JWT’s ‘Inmates’ Take Over

The January night before Eric Steinhauser and Nat Whitten were named to lead J. Walter Thompson’s creative department, the team crafted a print ad touting their philosophy. True to their respective personalities, “Towards a Utopian Agency” is a mix of the uplifting (Eric) and irreverent (Nat).

Promoting Steinhauser to ecd and Whitten to deputy ecd was putting “a couple of inmates in charge of the asylum,” the red and black copy read. “Which, when you think about it, is absolutely nuts. Crazy. Crackers. And just what this 140-year-old agency needs. A jolt of the unexpected.”

Two months later, the pair explains their thinking. JWT must become “more provocative” to compete creatively, says Whitten, a freelance cd at the shop since 1998. Admits Steinhauser, a group head who joined in 2000: “We can help the creative work, and we will.” Both acknowledge that changing the culture at a shop that has been account-management driven will be a difficult challenge.

Last fall, worldwide CEO Bob Jeffrey signaled that the $1.4 billion shop needed to become more nimble and entrepreneurial when he reached outside to a smaller, scrappier agency to recruit Kirshenbaum Bond + Partners’ Rosemarie Ryan as president. But when it came to replacing Mike Campbell, chief creative officer since February 2001, Jeffrey and Ryan opted for insiders familiar with the 125-person department.

They were looking for more consistent creative and better new-business performance. Campbell helped grow the agency with wins such as Domino’s $100 million account in 2002 and turned out irreverent, quirky work for Trident and Ragú. But for Jeffrey, it wasn’t quite enough—and it was Ryan’s prerogative to chose her creative partners.

“We’re kind of optimist-pessimist, humanitarian-existentialist—and somehow it works, because it creates something in the middle,” says Whitten of his partnership with Steinhauser, whom he met at JWT while working on Merrill Lynch. Whitten identifies himself as the pessimist-existentialist of the pair.

In their first days as creative leaders, Steinhauser, 46, and Whitten, 43, hosted two agencywide meetings, riffing from their manifesto. Steinhauser, a polished and energetic speaker, stirred up the troops while Whitten cracked a few jokes. In an effort to stimulate creativity, the two have since started monthly rap sessions where creatives talk about how their passions shape their work. For his part, Whitten likes to paint, write plays and novels, and listen to music with his 3-year-old son. Steinhauser, the son of renowned DDB art director Bert Steinhauser, spends his down time with his kids, ages 9 and 12, often while skiing or snowboarding.

Besides his dad, Steinhauser’s mentors included Bob Lenz, Bob Muri, Bill Backer and Bob Giraldi at Backer & Spielvogel. He worked as an art director and then a cd at the shop from 1980-93, taking a hand in Miller Lite’s long-running “All-Stars” campaign. After a year-long stint as a director at Limelight USA, Steinhauser joined Y&R, working under Gordon Bowen on AT&T and crafting spots such as 1997’s Emmy-nominated “College Freshman.”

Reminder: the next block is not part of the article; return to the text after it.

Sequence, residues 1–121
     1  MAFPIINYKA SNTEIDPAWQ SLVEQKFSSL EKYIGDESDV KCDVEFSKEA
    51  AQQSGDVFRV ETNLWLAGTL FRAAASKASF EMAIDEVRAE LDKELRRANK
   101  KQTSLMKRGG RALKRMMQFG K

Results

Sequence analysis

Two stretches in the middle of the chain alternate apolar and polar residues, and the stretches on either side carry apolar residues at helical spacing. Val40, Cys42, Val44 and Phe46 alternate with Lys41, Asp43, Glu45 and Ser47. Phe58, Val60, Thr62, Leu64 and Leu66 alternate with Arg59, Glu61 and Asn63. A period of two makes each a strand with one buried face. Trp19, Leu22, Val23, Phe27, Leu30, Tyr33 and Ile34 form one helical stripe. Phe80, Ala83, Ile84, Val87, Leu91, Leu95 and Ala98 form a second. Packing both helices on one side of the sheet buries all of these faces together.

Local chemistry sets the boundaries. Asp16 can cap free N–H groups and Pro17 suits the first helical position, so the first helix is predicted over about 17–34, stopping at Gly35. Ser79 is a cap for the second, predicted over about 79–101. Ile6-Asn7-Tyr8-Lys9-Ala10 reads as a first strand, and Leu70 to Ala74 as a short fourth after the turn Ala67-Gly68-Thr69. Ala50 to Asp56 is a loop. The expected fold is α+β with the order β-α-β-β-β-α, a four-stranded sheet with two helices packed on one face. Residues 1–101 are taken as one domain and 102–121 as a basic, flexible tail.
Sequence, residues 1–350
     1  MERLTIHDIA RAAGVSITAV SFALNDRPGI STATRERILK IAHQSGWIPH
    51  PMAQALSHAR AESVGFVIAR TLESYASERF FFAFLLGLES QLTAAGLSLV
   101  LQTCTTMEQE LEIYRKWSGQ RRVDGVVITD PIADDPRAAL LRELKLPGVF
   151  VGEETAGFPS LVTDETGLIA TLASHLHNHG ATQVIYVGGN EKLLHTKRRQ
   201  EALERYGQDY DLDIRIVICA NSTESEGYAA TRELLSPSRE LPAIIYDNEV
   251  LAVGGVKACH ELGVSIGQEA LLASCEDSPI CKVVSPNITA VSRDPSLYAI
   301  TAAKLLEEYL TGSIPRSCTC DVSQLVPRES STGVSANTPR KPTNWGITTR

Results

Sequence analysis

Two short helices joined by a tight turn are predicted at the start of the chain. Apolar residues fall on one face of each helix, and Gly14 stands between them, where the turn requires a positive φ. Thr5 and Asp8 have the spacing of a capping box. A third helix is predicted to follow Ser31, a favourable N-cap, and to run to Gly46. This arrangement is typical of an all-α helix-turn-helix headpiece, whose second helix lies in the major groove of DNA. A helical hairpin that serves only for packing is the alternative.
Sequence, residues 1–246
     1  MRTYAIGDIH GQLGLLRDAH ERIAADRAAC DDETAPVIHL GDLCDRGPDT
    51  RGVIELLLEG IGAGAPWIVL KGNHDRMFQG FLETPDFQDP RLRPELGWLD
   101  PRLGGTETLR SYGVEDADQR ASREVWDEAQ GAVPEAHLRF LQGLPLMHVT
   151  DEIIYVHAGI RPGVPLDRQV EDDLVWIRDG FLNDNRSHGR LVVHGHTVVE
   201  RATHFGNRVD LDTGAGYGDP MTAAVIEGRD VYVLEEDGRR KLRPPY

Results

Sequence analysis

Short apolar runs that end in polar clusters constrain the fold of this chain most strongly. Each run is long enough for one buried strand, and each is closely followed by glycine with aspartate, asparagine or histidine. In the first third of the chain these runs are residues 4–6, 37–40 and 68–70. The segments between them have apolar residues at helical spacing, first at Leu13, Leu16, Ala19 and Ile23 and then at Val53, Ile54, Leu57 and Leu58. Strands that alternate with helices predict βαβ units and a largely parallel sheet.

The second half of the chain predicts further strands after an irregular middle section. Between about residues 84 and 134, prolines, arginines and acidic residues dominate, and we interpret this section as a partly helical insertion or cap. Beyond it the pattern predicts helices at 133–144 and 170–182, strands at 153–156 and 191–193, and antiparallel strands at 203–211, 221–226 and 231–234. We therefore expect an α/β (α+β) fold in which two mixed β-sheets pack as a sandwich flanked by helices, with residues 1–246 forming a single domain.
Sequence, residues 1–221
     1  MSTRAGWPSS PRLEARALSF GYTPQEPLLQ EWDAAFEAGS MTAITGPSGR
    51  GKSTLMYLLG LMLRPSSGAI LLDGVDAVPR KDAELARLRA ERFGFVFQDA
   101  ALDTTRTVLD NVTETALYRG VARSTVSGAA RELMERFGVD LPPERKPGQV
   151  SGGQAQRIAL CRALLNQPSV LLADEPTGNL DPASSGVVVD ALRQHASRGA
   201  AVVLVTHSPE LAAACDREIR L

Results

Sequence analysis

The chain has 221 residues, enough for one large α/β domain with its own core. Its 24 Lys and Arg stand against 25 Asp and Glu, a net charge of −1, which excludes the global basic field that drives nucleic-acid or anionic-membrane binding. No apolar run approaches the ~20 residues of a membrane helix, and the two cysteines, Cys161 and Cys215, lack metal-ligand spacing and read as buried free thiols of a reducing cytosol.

Whitten spent his early years as a copywriter at Chiat/Day in New York, where he worked under Bill Hamilton, who would later recruit him to JWT. At Weiss, Whitten, the now-defunct shop he co-founded, Whitten worked on ads such as 1996’s “Senses” spot for Guinness, showing an anxious bar patron awaiting his beer, and Bass Ale’s 1997 “Bootlicker” print ad.

After his promotion, Whitten invited staffers to check out his book—not to show off but to get to know his team better. Partner, acd Garth Horn describes it as, “You’re working with me. You have every right to know what I’m about.”

The meetings are a part of Whitten and Steinhauser’s attempt to create more give-and-take within the department. “They talk to you; they want your opinion,” says partner, acd Howard Lenn, hired by Steinhauser in 2002. “It’s very much a collaborative creative process.”

Whitten says he has great confidence in the team. “There are a lot of adults here, and a lot of them have worked at very good places,” he notes. “These are not people who’ve been sheltered. These are people who have client contact and are able to go and do it.”

Recently, Whitten has been focusing on new business and Steinhauser on Novell, Domino’s and Lipton Cup-a-Soup, for which JWT created the first TV ads in more than 20 years. Steinhauser points to the spots, directed by Bryan Buckley, and Smirnoff’s “Life is calling. Where are you?” campaign as evidence the shop does better work than it’s given credit for.

The goal now, says Whitten, is to compete creatively with shops “you can rely on,” such as Wieden + Kennedy and Goodby, Silverstein. To get to that point, Steinhauser says he wants to see “a free flow of passionate ideas.” His ideal is a culture that urges creatives to “stand up and scream out what they believe in.”

“Which means you have to have things you believe in,” interjects Whitten. “This business is about bringing culture to clients and translating it. I think [Goodby’s Rich] Silverstein said, ‘Get your nose out of a One Show book and go ride a bicycle.’ We want to get people riding bicycles more here.”